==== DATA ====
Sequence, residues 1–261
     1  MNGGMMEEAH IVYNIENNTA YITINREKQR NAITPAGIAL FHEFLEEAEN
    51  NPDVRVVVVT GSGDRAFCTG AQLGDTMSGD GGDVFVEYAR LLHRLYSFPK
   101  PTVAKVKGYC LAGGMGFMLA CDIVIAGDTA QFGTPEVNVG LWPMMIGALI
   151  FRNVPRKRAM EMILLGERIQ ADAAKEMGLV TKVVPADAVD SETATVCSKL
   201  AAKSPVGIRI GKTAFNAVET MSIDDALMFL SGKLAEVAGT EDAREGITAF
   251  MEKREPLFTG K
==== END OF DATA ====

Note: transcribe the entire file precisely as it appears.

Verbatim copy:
Sequence, residues 1–261
     1  MNGGMMEEAH IVYNIENNTA YITINREKQR NAITPAGIAL FHEFLEEAEN
    51  NPDVRVVVVT GSGDRAFCTG AQLGDTMSGD GGDVFVEYAR LLHRLYSFPK
   101  PTVAKVKGYC LAGGMGFMLA CDIVIAGDTA QFGTPEVNVG LWPMMIGALI
   151  FRNVPRKRAM EMILLGERIQ ADAAKEMGLV TKVVPADAVD SETATVCSKL
   201  AAKSPVGIRI GKTAFNAVET MSIDDALMFL SGKLAEVAGT EDAREGITAF
   251  MEKREPLFTG K